“Do you ever wear it big — you know, really big?” asked the clerk at the boutique in which I was browsing.
She was inquiring about my hair. I’m a curly girl. Well, actually, I’m a super kinky, coily girl. There are no soft spirals or smooth waves here. Nope. It’s a full-on wiry riot amongst my tresses.
In response to the clerk’s question, I simply shook my head, including my partially twisted-back and pinned-down coif, and quietly muttered: “Uh, no. Not really.”
In recent years, I’ve tried to at least contain — if no longer control and conquer — the coiled chaos that’s my hair. In fact, the transition to mere containment constituted major progress in the realms of hair acceptance, time management, and self-actualization. Especially after having spent the better part of four decades investing time, money, and effort into straightening, ironing, and otherwise torturing my mane into submission to conform with overarching social expectations and standards of beauty.
Despite this personal progress, the clerk’s question kept rattling around in my brain (just under those naturally crinkled strands). Why didn’t I give my mop the freedom of full expression? Why did I find it necessary to conform to an arbitrary, external standard? And, most importantly, why did this make me feel less powerful?
After all, I live out loud. I allow my voice to be heard. I let my sense of self-expressive style go unfettered by fashion trends. I live a life that’s true to me. Conformity is neither in my vocabulary nor in my character.
So why did I draw the line when it came to my locks?
The inner answer was: Allowing my hair to do as it pleased permitted two fairly scary things to occur.
First, it made me vulnerable by putting the really real, completely honest essence of me out there in, well, a really big and rather naked way.
Second, it meant giving up the facade of control.
As a bona fide control freak, it meant letting go and allowing things to be as they naturally were. I was reserving — okay, hiding — that last bit of myself from the world. And, far worse, I was trying to contain that essential essence for fear that it somehow wouldn’t meet my personal standard of perfection.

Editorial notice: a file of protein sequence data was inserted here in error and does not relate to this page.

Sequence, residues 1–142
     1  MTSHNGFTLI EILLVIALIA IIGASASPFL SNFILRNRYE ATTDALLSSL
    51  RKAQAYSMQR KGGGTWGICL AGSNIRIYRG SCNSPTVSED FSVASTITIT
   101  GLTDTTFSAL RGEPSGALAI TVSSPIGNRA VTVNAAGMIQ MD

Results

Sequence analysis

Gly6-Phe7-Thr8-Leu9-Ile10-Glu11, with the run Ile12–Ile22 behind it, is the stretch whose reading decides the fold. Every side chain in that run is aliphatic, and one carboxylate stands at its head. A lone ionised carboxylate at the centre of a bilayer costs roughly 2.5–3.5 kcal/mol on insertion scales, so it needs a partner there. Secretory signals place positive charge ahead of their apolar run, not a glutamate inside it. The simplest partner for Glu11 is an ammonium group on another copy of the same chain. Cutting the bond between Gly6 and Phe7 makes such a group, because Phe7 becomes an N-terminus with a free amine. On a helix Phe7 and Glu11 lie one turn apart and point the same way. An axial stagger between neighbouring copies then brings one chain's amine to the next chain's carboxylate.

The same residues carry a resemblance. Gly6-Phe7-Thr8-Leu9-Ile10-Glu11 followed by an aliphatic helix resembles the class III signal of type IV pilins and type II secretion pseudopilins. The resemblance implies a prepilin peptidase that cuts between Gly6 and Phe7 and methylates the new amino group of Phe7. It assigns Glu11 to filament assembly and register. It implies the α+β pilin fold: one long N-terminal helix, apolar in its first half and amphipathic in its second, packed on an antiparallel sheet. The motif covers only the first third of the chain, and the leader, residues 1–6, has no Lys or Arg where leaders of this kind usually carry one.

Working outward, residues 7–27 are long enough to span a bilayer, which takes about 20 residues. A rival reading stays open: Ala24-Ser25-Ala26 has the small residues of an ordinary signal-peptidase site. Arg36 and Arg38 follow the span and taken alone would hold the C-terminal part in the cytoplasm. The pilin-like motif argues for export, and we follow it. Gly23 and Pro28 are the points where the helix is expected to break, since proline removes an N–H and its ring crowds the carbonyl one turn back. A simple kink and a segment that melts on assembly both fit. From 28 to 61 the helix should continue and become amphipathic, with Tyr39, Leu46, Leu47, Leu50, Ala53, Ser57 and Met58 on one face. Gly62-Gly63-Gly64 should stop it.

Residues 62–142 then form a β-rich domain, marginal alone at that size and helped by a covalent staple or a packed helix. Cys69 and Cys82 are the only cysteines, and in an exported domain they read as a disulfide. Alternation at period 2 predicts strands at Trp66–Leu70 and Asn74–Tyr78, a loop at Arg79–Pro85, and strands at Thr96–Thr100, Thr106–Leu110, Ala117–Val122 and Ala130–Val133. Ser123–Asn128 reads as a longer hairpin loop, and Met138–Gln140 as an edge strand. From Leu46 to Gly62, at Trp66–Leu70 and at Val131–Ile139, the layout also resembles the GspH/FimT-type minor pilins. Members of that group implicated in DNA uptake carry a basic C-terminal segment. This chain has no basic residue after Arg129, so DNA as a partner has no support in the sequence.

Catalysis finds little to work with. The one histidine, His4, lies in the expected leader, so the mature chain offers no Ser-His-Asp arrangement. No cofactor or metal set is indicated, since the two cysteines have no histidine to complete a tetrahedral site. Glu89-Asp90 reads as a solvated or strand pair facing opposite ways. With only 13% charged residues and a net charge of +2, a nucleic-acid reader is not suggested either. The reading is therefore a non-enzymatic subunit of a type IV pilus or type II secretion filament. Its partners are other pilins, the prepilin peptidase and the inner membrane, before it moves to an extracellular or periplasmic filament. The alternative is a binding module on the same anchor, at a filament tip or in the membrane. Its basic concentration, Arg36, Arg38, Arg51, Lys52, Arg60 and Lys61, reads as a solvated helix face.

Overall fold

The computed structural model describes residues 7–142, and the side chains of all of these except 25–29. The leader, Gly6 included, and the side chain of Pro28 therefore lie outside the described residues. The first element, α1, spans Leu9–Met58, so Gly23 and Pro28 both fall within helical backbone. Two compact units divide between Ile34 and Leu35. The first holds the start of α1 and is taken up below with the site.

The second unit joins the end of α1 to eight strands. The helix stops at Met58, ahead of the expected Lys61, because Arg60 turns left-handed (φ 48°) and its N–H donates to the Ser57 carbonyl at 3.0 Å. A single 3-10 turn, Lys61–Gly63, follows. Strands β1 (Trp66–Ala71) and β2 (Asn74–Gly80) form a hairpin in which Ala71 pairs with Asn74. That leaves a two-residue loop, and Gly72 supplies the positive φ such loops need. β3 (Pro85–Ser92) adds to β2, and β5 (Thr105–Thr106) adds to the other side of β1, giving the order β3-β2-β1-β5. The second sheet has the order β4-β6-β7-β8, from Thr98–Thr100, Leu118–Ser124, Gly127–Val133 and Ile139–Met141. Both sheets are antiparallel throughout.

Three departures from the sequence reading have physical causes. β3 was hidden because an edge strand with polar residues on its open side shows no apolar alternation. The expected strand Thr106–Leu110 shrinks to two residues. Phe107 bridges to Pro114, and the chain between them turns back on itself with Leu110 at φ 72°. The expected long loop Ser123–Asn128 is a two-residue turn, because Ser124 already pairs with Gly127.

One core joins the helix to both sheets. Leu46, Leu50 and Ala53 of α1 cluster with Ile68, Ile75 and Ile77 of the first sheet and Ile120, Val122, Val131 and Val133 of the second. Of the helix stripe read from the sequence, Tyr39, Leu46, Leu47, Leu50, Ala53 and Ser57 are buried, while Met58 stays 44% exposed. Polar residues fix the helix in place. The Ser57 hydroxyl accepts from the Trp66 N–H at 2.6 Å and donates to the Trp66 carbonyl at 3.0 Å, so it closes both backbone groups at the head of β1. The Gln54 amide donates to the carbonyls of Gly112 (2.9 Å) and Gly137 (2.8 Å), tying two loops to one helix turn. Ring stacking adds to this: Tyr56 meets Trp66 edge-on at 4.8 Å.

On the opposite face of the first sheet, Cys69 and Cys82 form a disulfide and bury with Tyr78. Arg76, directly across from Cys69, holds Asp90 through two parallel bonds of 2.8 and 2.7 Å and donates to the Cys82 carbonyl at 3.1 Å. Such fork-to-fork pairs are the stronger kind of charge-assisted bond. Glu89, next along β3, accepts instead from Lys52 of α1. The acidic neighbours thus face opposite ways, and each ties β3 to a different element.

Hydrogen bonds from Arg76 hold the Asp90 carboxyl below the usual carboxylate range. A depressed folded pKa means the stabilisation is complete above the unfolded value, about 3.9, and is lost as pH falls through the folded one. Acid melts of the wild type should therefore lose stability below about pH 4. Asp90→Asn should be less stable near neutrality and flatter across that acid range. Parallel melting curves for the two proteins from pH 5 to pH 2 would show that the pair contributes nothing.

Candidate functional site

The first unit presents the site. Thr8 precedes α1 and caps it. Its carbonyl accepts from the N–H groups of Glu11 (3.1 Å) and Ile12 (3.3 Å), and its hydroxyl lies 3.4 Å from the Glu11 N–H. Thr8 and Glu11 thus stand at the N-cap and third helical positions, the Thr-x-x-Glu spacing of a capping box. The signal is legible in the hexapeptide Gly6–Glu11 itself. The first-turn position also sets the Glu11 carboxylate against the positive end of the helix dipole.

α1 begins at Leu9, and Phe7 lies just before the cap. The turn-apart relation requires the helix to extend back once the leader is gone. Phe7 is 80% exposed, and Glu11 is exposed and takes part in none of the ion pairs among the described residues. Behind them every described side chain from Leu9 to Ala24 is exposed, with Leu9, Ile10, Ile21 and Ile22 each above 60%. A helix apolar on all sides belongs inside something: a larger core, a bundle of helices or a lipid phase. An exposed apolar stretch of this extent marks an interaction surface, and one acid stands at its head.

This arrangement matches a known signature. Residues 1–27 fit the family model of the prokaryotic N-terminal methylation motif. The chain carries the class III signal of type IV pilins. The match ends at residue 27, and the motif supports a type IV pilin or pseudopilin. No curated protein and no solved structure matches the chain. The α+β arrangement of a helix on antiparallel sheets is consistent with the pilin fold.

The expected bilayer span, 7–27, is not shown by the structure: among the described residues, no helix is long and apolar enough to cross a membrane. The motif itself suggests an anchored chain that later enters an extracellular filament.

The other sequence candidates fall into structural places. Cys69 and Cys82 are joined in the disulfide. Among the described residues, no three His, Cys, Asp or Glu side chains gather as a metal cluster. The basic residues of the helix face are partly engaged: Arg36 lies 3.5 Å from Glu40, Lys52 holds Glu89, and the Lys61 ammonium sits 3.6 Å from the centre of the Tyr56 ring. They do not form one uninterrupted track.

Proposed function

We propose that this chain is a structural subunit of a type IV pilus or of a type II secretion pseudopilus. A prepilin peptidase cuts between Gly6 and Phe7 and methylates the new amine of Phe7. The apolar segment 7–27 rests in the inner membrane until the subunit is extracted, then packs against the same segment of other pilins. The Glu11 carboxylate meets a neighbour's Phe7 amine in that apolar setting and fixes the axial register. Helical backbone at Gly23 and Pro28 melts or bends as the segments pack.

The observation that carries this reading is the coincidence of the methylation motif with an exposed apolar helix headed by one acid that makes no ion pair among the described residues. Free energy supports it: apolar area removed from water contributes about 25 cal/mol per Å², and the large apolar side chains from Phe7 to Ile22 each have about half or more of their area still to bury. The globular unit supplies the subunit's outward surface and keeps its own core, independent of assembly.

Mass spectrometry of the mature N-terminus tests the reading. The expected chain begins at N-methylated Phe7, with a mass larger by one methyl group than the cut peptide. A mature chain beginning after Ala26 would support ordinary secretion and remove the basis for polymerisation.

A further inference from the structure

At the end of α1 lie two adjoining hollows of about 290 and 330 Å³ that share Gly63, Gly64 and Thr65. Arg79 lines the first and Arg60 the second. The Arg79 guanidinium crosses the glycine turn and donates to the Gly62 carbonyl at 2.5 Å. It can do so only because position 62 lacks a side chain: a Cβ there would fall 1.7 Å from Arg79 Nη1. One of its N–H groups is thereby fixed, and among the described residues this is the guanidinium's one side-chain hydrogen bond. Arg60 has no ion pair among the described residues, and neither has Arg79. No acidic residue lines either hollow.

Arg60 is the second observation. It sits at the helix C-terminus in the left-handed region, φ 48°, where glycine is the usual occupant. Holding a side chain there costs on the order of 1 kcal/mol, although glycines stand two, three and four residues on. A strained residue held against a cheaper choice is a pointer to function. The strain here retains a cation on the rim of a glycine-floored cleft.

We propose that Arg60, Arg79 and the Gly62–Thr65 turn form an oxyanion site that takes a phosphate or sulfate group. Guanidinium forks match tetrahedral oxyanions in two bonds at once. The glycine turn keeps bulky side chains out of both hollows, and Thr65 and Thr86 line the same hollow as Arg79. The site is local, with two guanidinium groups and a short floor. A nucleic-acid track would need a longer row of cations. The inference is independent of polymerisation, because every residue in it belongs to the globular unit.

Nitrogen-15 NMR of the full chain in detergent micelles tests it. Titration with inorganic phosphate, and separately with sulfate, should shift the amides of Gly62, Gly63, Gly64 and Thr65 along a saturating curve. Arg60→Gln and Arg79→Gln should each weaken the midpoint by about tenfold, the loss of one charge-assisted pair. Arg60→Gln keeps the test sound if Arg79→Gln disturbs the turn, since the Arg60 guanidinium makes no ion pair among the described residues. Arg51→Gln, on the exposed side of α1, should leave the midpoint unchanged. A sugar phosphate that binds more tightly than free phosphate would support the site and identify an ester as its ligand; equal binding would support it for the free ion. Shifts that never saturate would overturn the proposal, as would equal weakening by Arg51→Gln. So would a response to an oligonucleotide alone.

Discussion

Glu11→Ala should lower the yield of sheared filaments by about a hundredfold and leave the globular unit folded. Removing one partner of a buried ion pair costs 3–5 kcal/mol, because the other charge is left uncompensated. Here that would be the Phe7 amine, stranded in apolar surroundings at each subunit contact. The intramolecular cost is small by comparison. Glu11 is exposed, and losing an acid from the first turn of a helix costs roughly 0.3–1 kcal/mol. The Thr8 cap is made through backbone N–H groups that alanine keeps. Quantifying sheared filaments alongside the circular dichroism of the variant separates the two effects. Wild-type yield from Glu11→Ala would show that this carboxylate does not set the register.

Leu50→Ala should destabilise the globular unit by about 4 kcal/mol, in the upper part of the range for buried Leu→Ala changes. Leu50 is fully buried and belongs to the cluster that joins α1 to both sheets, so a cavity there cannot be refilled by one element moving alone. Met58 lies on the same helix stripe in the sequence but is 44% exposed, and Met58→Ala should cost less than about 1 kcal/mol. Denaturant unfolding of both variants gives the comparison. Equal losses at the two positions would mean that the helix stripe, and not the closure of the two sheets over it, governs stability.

Embracing The Wild(-Haired) Woman
I vowed to change that. I’d wear it big — you know, really big.
So I locked away the restraining clips and claws and the confining barrettes. Armed with a good conditioner and some curling custard, I boldly went where I’d not gone before.
And, in this uncharted territory, I found my wild ringlets really fit my face and my personality. I liked them — no, actually, I loved them because I was them.
That boost in self-confidence and self-possession radiated. But, more importantly, allowing my super springy spirals to be as unruly as they wished had an unexpected spillover effect into the rest of my life. I stepped into my power even more fully and authentically, and I became less tightly wound in the process.
Now, I am more in the flow, more often. As such, I embrace the beauty and uniqueness in perceived imperfections — mine, others’ and life’s in general. I not only tolerate but even welcome some frizz and lack of definition at the edges — in terms of hair and otherwise.
. . .
We women, we’re expected
to keep it
properly pinned down
or neatly pulled back—
and our truth.
Our curls should conform
into perfect spirals,
and our waves should be
smooth and contained—
in the same way that
our smiles are obliged to be
sweet and ever-present.
But it’s time
to chuck our combs
and burn our brushes—
our good-girl attitudes.
We’re past due
the wild-haired ones
their untamed teachings.
Let’s step into
like Kali and her tangled tresses.
our fury into power
as Medusa and her writhing locks.
our silvered crown of wisdom
in Baba Yaga style.
. . .
Revel In Your Own “Big”
My bold and beautiful sisters, I encourage you, whether you’re curly girls or otherwise, to wear it — whatever your “it” is — big. You know, really big. You’ll be a better you for it, and you’ll give the world the gift of more authentically shining your own unique light.
For more self-study, The Urban Howl recommends 52 Ways to Live a Kick-Ass Life: BS-Free Wisdom to Ignite Your Inner Badass and Live the Life You Deserve.
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